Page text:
“I figured it out! I’m living the dream!” he screamed to the evening rush-hour traffic.

He got to his feet and ran toward the police officer, who pointed a bright yellow Taser at him.

“Put that Taser down or I’ll kill you!” he yelled at the officer, who tried the Taser on him. But it didn’t slow Peters down, and the two tussled, the camera capturing a blur of arms and trees before the officer fired his gun at Peters. The biology teacher collapsed in the tall grass.

Blanding was at her “middle of nowhere” home on Virginia’s Middle Peninsula with the kids, a dog and those ducks that evening. She was on the phone with one of her sisters when the sister got another call, clicked over to it and then clicked back. “She was just crying and screaming, ‘Poppy’s in the hospital!’ ” Blanding remembered.

Poppy, as the 11 siblings called the youngest male of their clan, had a normal day teaching at Essex High School in Tappahannock. Blanding saw him in the school that afternoon and remembered thinking of how proud she was of him and how he was becoming one of the students’ favorite teachers.

By the time she got to his bedside at the hospital in Richmond that night, when she saw all the tubes and how swollen his body was, “I knew he was gone.”

The shooting was justified, a review by the office of the Richmond commonwealth’s attorney concluded.

Blanding wasn’t buying it. “He was unarmed,” she said.

Her solution is common in talk of police reform, one that emphasizes accountability, ends qualified immunity and shifts the philosophy of police work. It’s reimagining police officers as guardians, not warriors, and including mental health professionals in the line of first responders.

Don’t defund the police. Reimagine the police.

“When we’re talking about defunding the police, we’re talking about reallocating funds from the police department to systems of care, to people who are experts at dealing with a mental health crisis,” she said. “Because clearly, the police are not.”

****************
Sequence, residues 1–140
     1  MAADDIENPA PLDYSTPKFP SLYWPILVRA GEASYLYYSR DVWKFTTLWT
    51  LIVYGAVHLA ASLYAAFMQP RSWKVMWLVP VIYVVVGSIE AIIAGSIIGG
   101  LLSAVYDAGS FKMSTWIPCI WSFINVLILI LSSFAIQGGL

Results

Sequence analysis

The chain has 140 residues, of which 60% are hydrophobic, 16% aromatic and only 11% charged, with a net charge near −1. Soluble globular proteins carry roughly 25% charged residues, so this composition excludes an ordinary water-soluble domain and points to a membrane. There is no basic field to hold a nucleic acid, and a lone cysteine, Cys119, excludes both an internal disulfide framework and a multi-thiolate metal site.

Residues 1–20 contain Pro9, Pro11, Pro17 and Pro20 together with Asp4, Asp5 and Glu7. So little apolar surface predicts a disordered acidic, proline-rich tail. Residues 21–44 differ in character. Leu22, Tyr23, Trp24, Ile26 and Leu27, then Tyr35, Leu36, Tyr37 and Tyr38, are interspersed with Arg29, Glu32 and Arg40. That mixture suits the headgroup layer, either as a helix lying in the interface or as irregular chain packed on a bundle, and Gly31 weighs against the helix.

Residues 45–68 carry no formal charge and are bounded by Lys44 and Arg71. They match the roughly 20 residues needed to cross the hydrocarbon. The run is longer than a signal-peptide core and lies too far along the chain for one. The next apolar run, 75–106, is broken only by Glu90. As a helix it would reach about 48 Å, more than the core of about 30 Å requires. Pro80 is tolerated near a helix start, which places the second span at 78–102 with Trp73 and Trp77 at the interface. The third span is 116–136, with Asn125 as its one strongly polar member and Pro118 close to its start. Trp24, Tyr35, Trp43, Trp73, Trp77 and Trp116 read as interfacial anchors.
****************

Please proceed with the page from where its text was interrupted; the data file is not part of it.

In December, after much work by Blanding and her family, the state legislature signed a bill to create the Mental Health Awareness Response and Community Understanding Services alert system, or the MARCUS Alert. It was named for Peters.

Blanding slammed it at the ceremonial signing because she said it still gives most of the power to police and still does not ban them from using lethal force when responding to a mental health crisis.

In the past six months, two Black men — Donald Francis Hairston, 44, and Ellis Frye Jr., 62 — have been killed in Culpeper County by deputies doing mental health welfare checks. Frye was sitting on his porch with a gun on Thanksgiving Day. Hairston was an Army veteran who struggled with PTSD. Police were called to check on him in February.

When she criticized the MARCUS Alert, Capitol insiders told Blanding not to be upset, that it was “a good start.” She wants to do more than start something.

And that’s when she realized how big that graveside promise to her brother really was.

Twitter: @petulad

Read more Petula Dvorak:

The American justice system worked, finally.

This list said D.C. is the absolute worst in the nation. Maybe it’s right.

Arrogance and entitlement are the diseases in much of America’s policing

The woman who helped protect Lincoln from the men who tried to kill him